Search Mailing List Archives

Limit search to: Subject & Body Subject Author
Sort by: Reverse Sort
Limit to: All This Week Last Week This Month Last Month
Select Date Range     through    

[liberationtech] Jacob Appelbaum's Ultrasurf Report

Pavol Luptak wilder at
Sat Apr 21 18:31:41 PDT 2012

On Thu, Apr 19, 2012 at 12:16:33PM -0700, Catherine Fitzpatrick wrote:
>    Jacob Appelbaum's agenda doesn't seem to be entirely altruistic here with
>    this Ultrasurf report.
>    There's a lot going on -- first, there's the desire of him (and his
>    supporters) to attack the US government and "DC Lobbyists" merely for what
>    they are, which is a hated government with a disliked Internet Freedom
>    program, which has put him under investigation for his involvement in
>    WikiLeaks (his buddies at the State Department notwithstanding). Second,
>    there's the desire to attack any competitor of Tor, especially a
>    competitor that adheres to the idea of proprietary versus open source
>    software. These are religious matters.

These are just facts, I don't like the US government because of the similar

>    There is the added dimension of the pornography issue -- Appelbaum's slam
>    on Ultrasurf for blocking porn distracts from the fact that Tor is
>    notoriously used for viewing pornography, including illegal child
>    pornography. And there's the fact that Appelbaum has published his
>    critique just as yet another criminal case involving the use of Tor for
>    illegal drug sales is being publicized:

At least for me this is just a proof of Tor's no censorship/no central control
at all.
And the reason why we should trust and prefer Tor rather than other solutions.

Regarding the government's drug prohibition - this is a religious matter.
From the moral point of view, nobody (including the government) has right 
to interfere to the mutual voluntary business (when no 3rd party is 
demonstrably affected).

People behind Tor just care about personal freedom (unlike the US government).

>    What's important in the fight for Internet freedom are the following
>    principles of non-coercion:
>    o no one should be forced or brow-beaten into using open-source software;
>    proprietary software is ok to use. If your opensource software is
>    demonstrably better, it will sell itself without you having to
>    artificially level the playing field with constant ideological attacks

A possibility to analyze the source code can be definitely considered as 
a security advantage (compared to the source code absence), this is not about 
ideology. Of course anyone can choose any software (opensource or proprietary)
he wants, but it is good to know about this fact. Most common people do not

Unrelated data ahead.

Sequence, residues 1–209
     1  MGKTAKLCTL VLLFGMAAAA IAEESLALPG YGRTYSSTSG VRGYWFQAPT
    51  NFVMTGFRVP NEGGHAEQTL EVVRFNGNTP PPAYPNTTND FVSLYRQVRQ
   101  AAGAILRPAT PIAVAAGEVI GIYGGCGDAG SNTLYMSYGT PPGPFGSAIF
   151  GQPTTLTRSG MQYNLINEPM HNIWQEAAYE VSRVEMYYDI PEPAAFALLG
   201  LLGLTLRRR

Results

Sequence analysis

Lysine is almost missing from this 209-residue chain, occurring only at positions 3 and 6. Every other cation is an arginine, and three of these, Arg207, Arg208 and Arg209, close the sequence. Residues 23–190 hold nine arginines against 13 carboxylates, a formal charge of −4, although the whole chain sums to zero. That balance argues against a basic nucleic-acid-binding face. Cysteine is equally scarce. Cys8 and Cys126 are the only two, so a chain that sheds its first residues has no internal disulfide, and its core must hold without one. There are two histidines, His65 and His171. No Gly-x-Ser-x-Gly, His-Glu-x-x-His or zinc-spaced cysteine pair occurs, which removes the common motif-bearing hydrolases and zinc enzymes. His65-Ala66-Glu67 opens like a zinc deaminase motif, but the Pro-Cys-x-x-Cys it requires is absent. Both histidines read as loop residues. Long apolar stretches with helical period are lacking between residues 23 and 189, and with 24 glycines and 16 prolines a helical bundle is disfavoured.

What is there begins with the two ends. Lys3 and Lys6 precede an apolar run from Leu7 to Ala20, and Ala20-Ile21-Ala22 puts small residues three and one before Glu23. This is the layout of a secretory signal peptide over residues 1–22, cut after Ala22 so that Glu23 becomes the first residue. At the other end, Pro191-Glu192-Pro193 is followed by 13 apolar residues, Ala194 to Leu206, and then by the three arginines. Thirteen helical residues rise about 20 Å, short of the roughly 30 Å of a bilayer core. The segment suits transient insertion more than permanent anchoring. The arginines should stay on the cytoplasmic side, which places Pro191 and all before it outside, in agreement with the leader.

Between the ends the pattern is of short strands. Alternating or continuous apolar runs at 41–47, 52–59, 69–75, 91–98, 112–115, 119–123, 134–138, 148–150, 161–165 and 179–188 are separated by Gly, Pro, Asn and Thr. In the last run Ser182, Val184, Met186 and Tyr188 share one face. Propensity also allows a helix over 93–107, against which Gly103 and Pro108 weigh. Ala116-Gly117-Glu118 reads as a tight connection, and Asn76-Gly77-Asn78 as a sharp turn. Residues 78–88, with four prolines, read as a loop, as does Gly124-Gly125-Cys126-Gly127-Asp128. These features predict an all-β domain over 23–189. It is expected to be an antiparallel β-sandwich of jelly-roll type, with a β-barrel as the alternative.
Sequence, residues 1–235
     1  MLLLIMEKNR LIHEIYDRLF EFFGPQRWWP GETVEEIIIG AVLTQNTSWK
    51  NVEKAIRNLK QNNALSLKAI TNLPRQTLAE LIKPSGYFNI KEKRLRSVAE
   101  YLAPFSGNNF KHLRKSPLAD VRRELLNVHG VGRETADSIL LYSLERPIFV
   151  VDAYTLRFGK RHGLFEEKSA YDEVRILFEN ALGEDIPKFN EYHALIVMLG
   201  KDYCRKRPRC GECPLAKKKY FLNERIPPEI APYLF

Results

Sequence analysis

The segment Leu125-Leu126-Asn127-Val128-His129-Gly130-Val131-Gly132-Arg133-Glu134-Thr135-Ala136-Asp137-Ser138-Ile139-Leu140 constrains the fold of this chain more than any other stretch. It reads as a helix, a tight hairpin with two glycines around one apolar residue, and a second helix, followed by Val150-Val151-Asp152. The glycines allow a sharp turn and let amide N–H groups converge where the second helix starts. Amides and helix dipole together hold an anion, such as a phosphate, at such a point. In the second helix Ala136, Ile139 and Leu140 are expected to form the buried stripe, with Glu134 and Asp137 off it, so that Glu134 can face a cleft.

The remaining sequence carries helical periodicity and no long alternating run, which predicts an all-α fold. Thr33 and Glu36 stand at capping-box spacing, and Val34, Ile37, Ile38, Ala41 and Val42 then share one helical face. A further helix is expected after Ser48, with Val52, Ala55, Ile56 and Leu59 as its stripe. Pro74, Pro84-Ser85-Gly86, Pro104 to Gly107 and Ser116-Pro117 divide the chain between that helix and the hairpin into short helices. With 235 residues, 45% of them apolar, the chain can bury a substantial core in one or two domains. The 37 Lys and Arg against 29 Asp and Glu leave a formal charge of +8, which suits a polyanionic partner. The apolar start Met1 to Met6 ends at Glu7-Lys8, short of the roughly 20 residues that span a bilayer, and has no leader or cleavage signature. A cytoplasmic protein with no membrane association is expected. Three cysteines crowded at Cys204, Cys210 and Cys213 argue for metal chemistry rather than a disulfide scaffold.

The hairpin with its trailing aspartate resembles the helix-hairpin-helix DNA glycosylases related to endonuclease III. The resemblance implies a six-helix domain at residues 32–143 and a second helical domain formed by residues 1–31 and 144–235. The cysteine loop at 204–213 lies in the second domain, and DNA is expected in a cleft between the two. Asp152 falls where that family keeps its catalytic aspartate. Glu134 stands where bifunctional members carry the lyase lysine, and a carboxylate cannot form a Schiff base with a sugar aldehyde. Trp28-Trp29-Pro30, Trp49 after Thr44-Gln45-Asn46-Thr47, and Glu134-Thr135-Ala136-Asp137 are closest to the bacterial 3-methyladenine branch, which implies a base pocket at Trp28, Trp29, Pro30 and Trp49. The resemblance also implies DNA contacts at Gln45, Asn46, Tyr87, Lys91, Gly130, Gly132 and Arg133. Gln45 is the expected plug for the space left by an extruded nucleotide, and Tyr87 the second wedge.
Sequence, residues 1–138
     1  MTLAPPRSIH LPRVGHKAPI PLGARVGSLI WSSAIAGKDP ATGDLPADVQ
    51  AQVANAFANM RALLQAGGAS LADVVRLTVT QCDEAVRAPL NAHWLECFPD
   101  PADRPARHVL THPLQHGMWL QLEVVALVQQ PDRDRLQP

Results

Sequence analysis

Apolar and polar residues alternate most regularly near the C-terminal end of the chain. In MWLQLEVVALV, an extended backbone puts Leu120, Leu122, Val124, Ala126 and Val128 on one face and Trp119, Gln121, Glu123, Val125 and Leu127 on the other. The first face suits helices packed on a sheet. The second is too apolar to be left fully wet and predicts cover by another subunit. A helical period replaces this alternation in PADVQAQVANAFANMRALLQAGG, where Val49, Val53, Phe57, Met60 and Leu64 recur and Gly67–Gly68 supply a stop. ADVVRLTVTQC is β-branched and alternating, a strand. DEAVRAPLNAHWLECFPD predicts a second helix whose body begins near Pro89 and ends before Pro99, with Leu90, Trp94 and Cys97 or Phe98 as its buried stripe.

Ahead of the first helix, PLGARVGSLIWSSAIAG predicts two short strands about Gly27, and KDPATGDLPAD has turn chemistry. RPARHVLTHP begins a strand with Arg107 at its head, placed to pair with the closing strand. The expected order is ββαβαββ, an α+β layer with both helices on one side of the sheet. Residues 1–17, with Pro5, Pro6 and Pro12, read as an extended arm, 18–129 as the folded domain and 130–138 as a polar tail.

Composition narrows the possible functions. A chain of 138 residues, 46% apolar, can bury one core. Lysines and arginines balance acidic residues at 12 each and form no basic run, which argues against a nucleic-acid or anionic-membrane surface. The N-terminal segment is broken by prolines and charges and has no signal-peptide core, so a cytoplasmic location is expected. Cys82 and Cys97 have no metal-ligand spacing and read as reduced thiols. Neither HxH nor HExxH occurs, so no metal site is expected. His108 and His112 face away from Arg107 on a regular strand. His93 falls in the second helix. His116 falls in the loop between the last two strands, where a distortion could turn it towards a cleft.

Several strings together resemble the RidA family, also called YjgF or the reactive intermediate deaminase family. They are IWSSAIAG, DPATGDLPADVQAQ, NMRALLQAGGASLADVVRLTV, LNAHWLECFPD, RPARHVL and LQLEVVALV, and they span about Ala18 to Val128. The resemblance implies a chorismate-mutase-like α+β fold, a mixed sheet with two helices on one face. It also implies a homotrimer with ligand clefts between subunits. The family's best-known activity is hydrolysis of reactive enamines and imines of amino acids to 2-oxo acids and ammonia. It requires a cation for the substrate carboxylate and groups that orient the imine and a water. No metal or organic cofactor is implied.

realize this fact and therefore prefer usability instead of security. If you 
care about freedom/privacy of other people, it is definitely good to do some 
security awareness enlightenment (and that's what Jacob does).

>    o no one who produces proprietary software solutions should be bullied
>    into having to discuss their flaws openly or be forcibly outed as to their
>    flaws; it merely helps give ideas to authoritarian governments and doesn't
>    really help users.

Of course, but everyone who produces proprietary software and rejects to 
discuss about its software flaws/vulnerabilities openly, should expect that 
the security community would probably prefer open and transparent security 

>    o if you don't like proprietary software, you don't have to wage a jihad
>    against it, you can make your own opensource software that is supposedly
>    better

I have nothing against proprietary software (use a lot of them).

But anonymization/anti-censorship software (Tor or Ultrasurf) is extremely 
sensitive thing that may throw you in jail or endanger your life in the worst 
That's reason why I would never use any closed-source proprietary 
anonymization/anti-censhorship software.

The problem is that most people who are using the closed-source proprietary
anonymization/anti-censorship software are just not aware of this simple fact.

>    o people have the right to be wrong about software -- an open society
>    requires that right to be wrong and to float contrary hypotheses even if
>    they are incorrect, politically or otherwise

Of course they have. But if you are a security guy and you are aware of many
security risks (e.g. that proprietary closed-source software simply lacks 
possibility of public source code inspection) and you care about privacy of 
other people, it is a good idea to promote these things (that's what Jacob 

[Pavol Luptak, Nethemba s.r.o.] [] [tel: +421905400542]
-------------- next part --------------
A non-text attachment was scrubbed...
Name: signature.asc
Type: application/pgp-signature
Size: 230 bytes
Desc: Digital signature
URL: <>

More information about the liberationtech mailing list